- Main international bodies of alleged regulation and standards aren’t clearly interested in maintaining a high degree of quality on their science, they aren’t concerned with the ways of science, only the ends;

    - Political struggles are interfering with such bodies, not only in the methodology of the writing of reports, but also in the hierarchy mechanisms of such bodies;

    - Opaqueness of science creates a cloud of doubt, and some may trust completely on other people’s methodologies (with necessarily an arbitrary or emotional judgement, for there is no access to the data from papers itself to objectively judge), or not, which furthers the polarization of the issue. The field becomes a theatre of subjective “feelings” where people “believe” where the truth is, rather than having the most possible objective data to prove it;

    - Skepticism ponders at the possibility if such deregulation and lack of standards could create a “pseudo-science”, rather than science. That is, if the compound of errors from papers to papers which weren’t properly critiqued and replicated are able to sidetrack completely the science theory of GW as a whole;

    - Skeptical thinkers like to doubt everything, but because the field is opaque and “subjectivized”, such skepticism is treated as treason, equated to holocaust denial. Skeptics entrench in their position and schadenfreude at every slip of mainstream findings, incoherences. Mainstream positions entrench in their position and become mega-defensive in every detail, denying errors or minimizing them anywhere they can, protect their own data from pesky “skeptics” whose only desire is to find mistakes and errors (such bestiality!).

    - Further entrenchment enters political arena and polarizes the entire social scene. Expelling CO2 is equated to a “sin” and because all our lives are energy dependent, we are all “sinning”. Skeptics deny such “sinful” thoughts and equate what is happening to a “new world order” conspiracy to bow everyone to a political “socialism;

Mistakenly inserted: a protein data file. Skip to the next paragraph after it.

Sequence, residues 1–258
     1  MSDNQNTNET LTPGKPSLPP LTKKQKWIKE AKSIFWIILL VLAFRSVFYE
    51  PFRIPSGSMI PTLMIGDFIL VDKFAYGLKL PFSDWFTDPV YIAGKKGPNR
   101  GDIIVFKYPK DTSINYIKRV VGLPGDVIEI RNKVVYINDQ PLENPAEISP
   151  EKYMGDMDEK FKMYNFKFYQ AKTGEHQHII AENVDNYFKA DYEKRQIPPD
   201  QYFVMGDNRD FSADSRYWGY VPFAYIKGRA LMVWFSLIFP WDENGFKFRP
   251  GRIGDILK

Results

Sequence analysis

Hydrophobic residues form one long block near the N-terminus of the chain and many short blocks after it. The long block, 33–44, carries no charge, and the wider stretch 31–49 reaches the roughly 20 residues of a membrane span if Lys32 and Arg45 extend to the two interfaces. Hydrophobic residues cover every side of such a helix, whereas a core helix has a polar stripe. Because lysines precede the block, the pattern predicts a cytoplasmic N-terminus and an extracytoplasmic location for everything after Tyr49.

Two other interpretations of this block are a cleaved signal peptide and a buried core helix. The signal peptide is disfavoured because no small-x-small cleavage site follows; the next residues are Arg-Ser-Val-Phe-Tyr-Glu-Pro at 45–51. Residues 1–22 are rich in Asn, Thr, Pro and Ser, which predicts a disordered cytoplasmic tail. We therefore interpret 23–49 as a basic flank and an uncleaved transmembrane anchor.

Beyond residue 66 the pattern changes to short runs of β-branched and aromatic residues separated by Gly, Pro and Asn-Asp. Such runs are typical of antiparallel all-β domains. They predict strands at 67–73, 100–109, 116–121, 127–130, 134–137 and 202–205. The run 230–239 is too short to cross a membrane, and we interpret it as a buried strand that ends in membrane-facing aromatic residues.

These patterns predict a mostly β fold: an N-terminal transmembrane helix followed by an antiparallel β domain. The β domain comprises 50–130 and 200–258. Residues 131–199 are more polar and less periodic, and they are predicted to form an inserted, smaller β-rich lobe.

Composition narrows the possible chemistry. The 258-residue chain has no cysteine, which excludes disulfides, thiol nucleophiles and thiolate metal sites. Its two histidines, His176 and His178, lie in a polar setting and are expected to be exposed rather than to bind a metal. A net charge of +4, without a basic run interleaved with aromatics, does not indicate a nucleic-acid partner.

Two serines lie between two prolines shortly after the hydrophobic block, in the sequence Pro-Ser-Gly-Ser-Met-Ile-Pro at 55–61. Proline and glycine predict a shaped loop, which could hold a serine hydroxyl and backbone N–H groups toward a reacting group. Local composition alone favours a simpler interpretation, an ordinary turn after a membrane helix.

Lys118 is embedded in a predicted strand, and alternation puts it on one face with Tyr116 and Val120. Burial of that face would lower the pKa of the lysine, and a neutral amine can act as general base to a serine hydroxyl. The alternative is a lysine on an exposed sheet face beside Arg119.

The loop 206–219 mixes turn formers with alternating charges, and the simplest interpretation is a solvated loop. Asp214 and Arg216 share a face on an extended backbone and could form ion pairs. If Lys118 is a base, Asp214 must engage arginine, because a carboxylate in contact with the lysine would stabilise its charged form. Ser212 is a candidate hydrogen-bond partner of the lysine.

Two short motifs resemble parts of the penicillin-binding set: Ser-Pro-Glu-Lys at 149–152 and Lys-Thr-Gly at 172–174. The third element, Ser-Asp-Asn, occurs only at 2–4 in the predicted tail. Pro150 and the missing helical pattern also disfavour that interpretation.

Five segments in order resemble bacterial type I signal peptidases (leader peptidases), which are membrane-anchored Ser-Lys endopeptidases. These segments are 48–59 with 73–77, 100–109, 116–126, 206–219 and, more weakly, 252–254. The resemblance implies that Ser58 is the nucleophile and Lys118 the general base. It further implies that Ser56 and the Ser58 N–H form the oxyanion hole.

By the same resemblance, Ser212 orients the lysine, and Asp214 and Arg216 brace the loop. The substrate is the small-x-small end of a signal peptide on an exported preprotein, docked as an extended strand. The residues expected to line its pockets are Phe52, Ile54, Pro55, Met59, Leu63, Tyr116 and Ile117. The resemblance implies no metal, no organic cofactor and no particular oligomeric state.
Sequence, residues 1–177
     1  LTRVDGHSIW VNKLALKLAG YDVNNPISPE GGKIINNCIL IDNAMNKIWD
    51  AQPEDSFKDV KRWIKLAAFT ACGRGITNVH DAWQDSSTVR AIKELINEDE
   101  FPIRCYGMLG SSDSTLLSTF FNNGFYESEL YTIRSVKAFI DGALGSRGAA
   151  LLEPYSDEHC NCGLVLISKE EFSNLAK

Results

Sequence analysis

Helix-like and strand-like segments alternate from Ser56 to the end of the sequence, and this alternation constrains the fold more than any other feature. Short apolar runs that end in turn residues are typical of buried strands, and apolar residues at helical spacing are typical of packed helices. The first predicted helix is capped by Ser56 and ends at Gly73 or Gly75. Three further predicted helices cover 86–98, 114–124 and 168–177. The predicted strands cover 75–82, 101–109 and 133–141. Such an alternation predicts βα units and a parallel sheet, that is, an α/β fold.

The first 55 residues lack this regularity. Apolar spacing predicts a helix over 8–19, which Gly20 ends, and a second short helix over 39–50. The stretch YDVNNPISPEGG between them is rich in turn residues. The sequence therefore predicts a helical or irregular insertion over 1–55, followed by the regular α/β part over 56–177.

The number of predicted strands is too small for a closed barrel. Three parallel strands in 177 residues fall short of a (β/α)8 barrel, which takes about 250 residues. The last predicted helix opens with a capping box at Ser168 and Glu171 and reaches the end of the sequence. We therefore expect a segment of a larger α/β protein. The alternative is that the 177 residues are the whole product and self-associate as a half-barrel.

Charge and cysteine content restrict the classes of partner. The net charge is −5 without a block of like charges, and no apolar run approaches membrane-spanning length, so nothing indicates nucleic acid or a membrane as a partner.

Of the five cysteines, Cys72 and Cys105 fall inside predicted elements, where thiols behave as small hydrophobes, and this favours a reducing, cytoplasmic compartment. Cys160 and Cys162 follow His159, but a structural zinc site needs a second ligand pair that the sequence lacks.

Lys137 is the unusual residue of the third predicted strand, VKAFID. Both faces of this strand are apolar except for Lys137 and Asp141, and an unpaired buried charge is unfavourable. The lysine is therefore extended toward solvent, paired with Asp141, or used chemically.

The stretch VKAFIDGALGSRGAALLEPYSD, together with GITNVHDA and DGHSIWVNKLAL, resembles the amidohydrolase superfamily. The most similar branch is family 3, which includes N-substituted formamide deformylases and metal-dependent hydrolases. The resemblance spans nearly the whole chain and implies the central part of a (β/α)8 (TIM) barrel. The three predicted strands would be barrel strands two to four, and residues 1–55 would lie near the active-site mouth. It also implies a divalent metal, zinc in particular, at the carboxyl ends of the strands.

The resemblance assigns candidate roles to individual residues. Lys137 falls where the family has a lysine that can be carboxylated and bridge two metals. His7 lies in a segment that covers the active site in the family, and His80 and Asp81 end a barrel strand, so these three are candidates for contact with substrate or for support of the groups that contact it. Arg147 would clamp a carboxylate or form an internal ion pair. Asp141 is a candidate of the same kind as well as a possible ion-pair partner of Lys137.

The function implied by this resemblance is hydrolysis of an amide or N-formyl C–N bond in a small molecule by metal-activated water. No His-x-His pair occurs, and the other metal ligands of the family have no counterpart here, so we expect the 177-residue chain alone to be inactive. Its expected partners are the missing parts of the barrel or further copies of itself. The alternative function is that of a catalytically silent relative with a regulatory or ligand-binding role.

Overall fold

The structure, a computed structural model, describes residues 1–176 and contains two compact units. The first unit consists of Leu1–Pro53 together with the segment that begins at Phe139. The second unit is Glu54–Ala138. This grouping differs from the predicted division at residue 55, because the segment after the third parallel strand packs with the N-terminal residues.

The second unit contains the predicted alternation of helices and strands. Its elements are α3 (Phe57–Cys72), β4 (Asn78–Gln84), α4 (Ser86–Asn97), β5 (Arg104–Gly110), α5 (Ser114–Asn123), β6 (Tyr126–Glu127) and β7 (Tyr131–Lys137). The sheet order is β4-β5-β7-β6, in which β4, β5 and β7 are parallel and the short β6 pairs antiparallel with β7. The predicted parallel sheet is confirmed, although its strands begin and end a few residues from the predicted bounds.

- Feedback of social phenomenon into scientific realm (non-linear iterations!), and the cycle is complete.

    Now imagine a society where their scientists are free to expose their ideas, mainstream or skeptical,as long as they submit all the data used, and a legion of interested scientists gather at the internet, download the data, investigate and discover every single error in the idea submitted. Debate is not only allowed, but rather obligatory.

    Climatology advances lightspeed and in few years, comprehensive studies are beginning to be truly able to detect climate mechanisms and start to forecast things quite precisely. Confidence returns to the field, and from left to right, one can only admire the deeds of climatology, and political and economical decisions based on climatologist forecasts are ubiquitous and natural.

    Oh well, one can dream, can’t we?

  17. Dave Clarke
    Posted Jul 25, 2008 at 11:31 AM | Permalink | Reply

    I’m not sure if you’re agreeing with DaveR or not. But obviously his point is valid. OfCom certainly did not rule on the accuracy of GGWS or whether or not it was “materially misleading”, only that no harm to the public was done as a result.

    I hope you have all read the actual complaint; it’s a highly compelling catalog of all the errors and distortions to be found in GGWS.

    A major problem with “skeptic” films and journalism, including GGWS, is that they generally present so-called “inconvenient facts” without proper attribution or sources. So, for example, the Friends of Science film “Climate Catastrophe Cancelled” claimed that estimates of tropospheric temperature derived from satellite measurements showed negligible warming. But a close examination (and a bit of sleuthing) of the graph shows that the data and analysis were at least four years out of date; moreover, the claim was not supported by the range evidence available at the time of the making of the film in late 2004.

    Or take Lorne Gunter’s recent claims that “worldwide, there are nearly half as many glaciers advancing as retreating” and “snow coverage in North America this winter was greater than at any time in recorded history.”

    Not only are no sources given, but the first claim was directly contradicted in the AP story Gunter referred to, where glacier expert Lonnie Thomson stated: “Climate change is causing roughly 90% of the world’s mountain glaciers to shrink”.